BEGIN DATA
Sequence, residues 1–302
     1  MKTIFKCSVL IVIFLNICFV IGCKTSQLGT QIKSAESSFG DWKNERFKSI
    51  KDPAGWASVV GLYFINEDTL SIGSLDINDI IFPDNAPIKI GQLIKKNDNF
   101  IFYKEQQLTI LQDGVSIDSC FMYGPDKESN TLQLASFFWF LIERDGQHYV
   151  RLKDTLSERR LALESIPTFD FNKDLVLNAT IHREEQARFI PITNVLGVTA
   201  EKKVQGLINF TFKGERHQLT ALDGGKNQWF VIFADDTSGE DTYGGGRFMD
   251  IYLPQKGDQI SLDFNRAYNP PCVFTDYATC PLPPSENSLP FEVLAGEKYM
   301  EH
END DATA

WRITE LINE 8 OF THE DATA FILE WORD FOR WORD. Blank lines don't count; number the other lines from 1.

   301  EH